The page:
Low Fruit & Veggie Intake May Increase Your Risk Of Dying From This Condition
The age-old advice to eat your fruits and veggies makes complete sense—after all, these powerful plants are jam-packed with vitamins, minerals, antioxidants, and a variety of phytochemicals that are essential for physical and mental health.
But now we have a much better idea of just how great fruits and vegetables are at...well, keeping us alive. A new study presented today at the annual meeting of the American Society for Nutrition suggests that inadequate fruit and vegetable intake likely accounts for millions of deaths from heart attacks and strokes worldwide.
Based on 2010 data, researchers estimate that low fruit intake (defined as less than 300 grams, the equivalent of two apples) was to blame for 1.8 million cardiovascular deaths, while low vegetable intake (less than 400 grams, the equivalent of 3 cups chopped carrots) resulted in 1 million deaths. To reach this conclusion, researchers estimated fruit and vegetable intake within various countries from diet surveys and food availability data, then combined it with data on causes of death from that year, among other factors.
While the association was strongest in countries that have the lowest fruit and veggie intake in general, including several countries in eastern Asia and sub-Saharan Africa, it was still quite significant in the United States. Compared to the rest of the world, though, a lack of veggies seemed to be the bigger problem for Americans: Suboptimal vegetable intake was thought to account for 82,000 cardiovascular deaths while suboptimal fruit intake accounted for 57,000.
Because CVD is the No. 1 cause of death in the U.S. (and worldwide), this research suggests that—simply by getting people to eat a little more produce—we have amazing potential to slash the number of deaths caused by heart attacks and strokes. "Fruits and vegetables are a modifiable component of diet that can impact preventable deaths globally," said lead study author Victoria Miller, Ph.D., in a news release.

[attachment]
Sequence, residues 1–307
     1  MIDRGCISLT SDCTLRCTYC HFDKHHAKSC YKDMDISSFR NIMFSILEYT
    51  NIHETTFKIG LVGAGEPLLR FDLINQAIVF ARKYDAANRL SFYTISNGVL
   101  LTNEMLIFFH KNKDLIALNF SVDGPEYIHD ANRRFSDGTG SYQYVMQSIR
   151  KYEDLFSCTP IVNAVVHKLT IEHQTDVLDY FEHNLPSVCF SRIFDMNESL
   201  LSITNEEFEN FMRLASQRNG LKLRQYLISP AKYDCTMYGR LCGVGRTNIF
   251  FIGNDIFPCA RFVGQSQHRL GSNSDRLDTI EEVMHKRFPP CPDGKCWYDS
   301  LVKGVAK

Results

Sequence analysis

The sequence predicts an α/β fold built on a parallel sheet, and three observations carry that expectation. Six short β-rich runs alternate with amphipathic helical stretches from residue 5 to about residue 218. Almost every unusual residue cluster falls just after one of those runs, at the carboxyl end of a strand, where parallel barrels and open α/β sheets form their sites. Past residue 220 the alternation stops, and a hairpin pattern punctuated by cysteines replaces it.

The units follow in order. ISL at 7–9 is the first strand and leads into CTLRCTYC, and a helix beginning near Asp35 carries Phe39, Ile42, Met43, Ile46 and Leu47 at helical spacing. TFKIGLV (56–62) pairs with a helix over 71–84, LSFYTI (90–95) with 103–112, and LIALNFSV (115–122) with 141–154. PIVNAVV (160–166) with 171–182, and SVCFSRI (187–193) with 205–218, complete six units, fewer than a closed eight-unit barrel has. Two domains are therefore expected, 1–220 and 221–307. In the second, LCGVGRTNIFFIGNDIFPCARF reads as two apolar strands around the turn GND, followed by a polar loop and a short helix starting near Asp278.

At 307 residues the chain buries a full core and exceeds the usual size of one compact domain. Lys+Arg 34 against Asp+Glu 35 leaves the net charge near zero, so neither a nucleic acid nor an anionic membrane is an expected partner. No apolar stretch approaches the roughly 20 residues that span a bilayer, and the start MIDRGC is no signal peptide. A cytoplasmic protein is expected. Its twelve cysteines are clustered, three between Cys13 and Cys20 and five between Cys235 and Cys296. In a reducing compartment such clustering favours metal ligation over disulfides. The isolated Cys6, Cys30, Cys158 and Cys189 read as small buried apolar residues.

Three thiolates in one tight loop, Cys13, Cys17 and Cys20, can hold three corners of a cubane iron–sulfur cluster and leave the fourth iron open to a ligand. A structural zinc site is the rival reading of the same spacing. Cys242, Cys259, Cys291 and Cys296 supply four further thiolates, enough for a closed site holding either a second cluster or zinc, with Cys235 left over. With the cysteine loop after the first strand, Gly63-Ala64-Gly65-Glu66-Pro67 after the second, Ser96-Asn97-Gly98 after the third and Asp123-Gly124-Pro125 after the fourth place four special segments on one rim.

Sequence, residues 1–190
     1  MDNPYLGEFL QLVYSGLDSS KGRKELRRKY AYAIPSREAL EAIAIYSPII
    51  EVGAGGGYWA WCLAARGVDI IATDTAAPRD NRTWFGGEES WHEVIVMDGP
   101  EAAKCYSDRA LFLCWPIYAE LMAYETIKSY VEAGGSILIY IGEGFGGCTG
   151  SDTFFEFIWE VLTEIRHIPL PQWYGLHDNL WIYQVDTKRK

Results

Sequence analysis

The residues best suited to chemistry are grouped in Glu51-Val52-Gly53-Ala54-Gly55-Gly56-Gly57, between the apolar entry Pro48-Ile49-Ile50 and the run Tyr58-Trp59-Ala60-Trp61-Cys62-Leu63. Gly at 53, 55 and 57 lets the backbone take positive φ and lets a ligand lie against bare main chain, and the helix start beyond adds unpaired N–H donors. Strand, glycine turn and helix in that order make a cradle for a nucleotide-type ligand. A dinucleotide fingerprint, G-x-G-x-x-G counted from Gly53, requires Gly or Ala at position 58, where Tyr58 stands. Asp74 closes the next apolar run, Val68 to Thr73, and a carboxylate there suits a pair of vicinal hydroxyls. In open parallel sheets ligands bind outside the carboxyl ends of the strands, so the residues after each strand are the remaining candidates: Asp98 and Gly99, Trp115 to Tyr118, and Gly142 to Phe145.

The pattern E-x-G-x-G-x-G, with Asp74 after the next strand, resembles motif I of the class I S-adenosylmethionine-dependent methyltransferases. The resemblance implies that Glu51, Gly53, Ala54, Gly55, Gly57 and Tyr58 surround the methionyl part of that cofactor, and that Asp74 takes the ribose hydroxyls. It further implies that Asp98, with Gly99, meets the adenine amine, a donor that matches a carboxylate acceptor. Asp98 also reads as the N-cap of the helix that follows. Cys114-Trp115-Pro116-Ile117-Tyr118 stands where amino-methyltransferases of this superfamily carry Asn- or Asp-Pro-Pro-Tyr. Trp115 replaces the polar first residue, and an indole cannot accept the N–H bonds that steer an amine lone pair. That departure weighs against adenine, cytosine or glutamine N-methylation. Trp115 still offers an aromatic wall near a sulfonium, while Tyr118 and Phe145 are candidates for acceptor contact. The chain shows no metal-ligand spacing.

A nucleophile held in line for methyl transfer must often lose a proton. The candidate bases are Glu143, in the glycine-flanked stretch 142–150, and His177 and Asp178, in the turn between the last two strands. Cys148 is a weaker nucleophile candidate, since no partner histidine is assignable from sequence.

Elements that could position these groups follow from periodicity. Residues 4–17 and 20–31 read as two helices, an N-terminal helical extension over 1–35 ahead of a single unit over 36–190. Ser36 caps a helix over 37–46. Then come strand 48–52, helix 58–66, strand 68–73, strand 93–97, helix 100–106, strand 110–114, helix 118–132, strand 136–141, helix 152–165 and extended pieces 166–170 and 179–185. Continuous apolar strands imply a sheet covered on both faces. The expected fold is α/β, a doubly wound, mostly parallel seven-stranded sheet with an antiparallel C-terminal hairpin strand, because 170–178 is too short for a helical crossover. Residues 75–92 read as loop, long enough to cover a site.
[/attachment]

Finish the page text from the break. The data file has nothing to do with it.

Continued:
A couple of reasons fruits and veggies may be so cardioprotective: They're loaded with fiber, which helps trap and clear cholesterol from our system and feed the microbiome; they contain minerals, like magnesium, that help lower blood pressure; and they deliver a variety of antioxidants and plant compounds that have been shown to reduce inflammation. Of course, some people who are eating less produce could also be engaging in other unhealthy behaviors that increase their risk for cardiovascular problems (e.g., smoking or leading a sedentary lifestyle), but this study reveals that inadequate fruit and vegetable consumption is a significant part of the problem.
To reap the biggest cardiovascular benefit from your diet, though, you should look beyond the produce aisle. Based on previous research, other foods that seem to have a positive impact and lower risk for CVD include nuts, whole grains, olive oil, and fatty fish. This is why many experts recommend focusing on a Mediterranean-style diet. In fact, the landmark 2013 PREDIMED study1, which followed over 7,000 people, found that people eating a Mediterranean-style diet rich in olive oil and nuts had a significantly lower risk of experiencing a major cardiovascular event such as a heart attack or stroke.
In a world of trendy diets and quick-fix strategies, this research reinforces one of the simplest ways to boost heart health, overall health, and longevity: Eat more plants.
Stephanie Eckelkamp is a writer and editor who has been working for leading health publications for the past 10 years. She received her B.S. in journalism from Syracuse University with a minor in nutrition. In addition to contributing to mindbodygreen, she has written for Women's Health, Prevention, and Health. She is also a certified holistic health coach through the Institute for Integrative Nutrition. She has a passion for natural, toxin-free living, particularly when it comes to managing issues like anxiety and chronic Lyme disease (read about how she personally overcame Lyme disease here).